July 8, 2019

This article is meant for auto insurance brokers in BC.

If you haven’t already heard, ICBC will be making big changes to how Autoplan works starting September 1st, 2019. I’ve gotten many questions from students and brokers about the upcoming ICBC reform and figured I would respond with a short guide highlighting the features of this new system.

Calculating Your Basic Autoplan Premium

The calculation for determining basic premiums is roughly the same as before. The base premium is set at $1063/yr. Your basic premium will be equal to your base premium × driver category multiplier × vehicle category multiplier.

The vehicle category part of this equation is relatively unchanged. Your multiplier is based on rate class, territory, etc.

Where the biggest change has taken place is in the driver category part where it factors in driving experience, at-fault crash history, and listed drivers.

Individual Driving Factor (IDF) and Combined Driving Factor (CDF) to replace the Claims Rated Scale (CRS)

The biggest change here is that they are abolishing the CRS and replacing it with IDF and CDF (if there are multiple listed drivers on the policy).

Individual Driving Factor (IDF)

The individual driving factor is based on up to 40 years experience. ICBC will factor in out of province experience for a maximum of 15 years . That means even if you have 50 years of out of province driving experience, they will only give you 15 years credit here in BC.

Another important change is the length of the claims scan. ICBC will now look at crash histories for up to 10 years and penalize at-fault drivers accordingly. Penalties for at-fault crashes are harsh so make sure you raise this with your clients when they’re deciding whether to buy out a claim or not.

Note: losses before March 1st, 2017 (calculated based on loss settlement date NOT the occurrence date) are not counted.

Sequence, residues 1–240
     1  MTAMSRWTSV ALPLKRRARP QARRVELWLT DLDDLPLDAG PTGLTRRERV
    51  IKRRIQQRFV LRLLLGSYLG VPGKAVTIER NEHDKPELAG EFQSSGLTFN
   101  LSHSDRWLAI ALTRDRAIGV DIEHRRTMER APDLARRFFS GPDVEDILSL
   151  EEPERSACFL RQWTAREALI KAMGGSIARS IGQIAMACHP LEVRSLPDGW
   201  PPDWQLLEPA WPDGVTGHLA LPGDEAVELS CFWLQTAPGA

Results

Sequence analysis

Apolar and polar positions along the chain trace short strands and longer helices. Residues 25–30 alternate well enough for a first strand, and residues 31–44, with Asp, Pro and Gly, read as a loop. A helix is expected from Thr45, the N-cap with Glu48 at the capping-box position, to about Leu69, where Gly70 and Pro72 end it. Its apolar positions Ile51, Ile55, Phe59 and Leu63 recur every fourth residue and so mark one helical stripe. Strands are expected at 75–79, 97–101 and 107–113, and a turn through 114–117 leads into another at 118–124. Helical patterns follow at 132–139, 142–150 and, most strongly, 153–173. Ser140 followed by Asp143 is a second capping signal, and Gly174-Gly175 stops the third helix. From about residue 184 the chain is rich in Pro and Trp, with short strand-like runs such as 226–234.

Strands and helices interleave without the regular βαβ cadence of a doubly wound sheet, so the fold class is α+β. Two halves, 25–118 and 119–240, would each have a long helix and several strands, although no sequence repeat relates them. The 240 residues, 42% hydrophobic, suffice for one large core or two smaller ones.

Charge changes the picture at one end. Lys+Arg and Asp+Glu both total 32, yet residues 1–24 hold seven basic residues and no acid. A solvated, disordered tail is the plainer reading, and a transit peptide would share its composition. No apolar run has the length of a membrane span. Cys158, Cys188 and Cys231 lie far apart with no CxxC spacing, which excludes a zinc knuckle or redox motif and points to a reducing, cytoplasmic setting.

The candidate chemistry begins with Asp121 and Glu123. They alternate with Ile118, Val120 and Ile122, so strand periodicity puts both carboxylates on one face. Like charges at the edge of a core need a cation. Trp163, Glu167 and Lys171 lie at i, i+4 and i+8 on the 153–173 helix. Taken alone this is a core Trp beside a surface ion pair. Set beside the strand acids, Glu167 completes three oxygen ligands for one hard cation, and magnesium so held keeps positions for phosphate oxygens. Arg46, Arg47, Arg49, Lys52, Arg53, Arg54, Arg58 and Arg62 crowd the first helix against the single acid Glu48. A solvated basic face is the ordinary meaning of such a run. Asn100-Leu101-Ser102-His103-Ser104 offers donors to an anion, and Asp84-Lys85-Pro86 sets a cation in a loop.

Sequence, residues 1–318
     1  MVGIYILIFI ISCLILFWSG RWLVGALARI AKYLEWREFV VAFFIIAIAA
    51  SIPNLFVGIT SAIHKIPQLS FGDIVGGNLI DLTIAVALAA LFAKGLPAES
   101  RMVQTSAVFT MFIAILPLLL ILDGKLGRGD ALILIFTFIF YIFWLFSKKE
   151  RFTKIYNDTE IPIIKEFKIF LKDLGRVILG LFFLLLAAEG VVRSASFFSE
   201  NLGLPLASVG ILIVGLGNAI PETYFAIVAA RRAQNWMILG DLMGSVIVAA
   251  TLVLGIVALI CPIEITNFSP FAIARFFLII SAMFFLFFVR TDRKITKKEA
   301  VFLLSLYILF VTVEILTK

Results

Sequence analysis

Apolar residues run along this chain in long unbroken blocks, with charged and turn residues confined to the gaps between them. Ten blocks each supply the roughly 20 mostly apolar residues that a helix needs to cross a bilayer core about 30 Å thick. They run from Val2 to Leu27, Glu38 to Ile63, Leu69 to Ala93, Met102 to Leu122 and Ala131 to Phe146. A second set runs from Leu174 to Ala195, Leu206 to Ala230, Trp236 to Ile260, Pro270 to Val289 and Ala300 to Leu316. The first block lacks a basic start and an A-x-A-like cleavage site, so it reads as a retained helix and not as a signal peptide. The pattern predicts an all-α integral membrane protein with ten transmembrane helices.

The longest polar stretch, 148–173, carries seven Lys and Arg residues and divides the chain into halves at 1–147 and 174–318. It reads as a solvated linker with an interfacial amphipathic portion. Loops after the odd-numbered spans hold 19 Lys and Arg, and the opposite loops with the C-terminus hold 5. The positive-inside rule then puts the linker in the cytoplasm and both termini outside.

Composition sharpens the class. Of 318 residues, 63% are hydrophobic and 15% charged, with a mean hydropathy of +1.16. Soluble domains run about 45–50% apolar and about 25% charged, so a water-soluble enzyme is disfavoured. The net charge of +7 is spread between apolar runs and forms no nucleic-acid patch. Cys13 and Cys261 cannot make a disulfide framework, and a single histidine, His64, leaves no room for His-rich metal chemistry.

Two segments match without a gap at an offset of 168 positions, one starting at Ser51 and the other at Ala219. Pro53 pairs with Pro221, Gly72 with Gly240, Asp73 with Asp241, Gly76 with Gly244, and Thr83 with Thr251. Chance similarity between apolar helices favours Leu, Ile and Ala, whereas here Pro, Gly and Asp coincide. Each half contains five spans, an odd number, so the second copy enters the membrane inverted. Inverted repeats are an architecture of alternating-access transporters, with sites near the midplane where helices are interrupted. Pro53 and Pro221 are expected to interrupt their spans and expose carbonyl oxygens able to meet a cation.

That said, it’s not all bad. There are new discounts that can help your clients save money.

  • Low KM Discount: you can get a 10% discount on premiums if you drive less than 5000km per year
  • Automatic Braking System Discount: if your car is equipped with automatic braking systems installed by the manufacturer (like Volkswagen’s Front Assist system), you’re eligible for another 10% discount.
  • Learner Protection: past claims made by a driver while they were a Learner does not count towards your IDF
  • 10 Year Accident Forgiveness: if you’ve had your license for more than 20 years, and 10 years experience in BC, you can have 1 accident forgiven every 10 claim-free years.
  • Senior Discounts: applicants over 65 years old and are the principle drivers and registered owner insuring their cars for pleasure use are eligible for a discount
  • Disability Discount: 25% off

Combined Driving Factor (CDF)

If you have more than 1 person who might drive the vehicle (listed drivers), the CDF comes into play to weight different drivers’ IDF’s to arrive at the final driver category multiplier instead of relying solely on the Principal Operator’s CRS (as it was under the old system).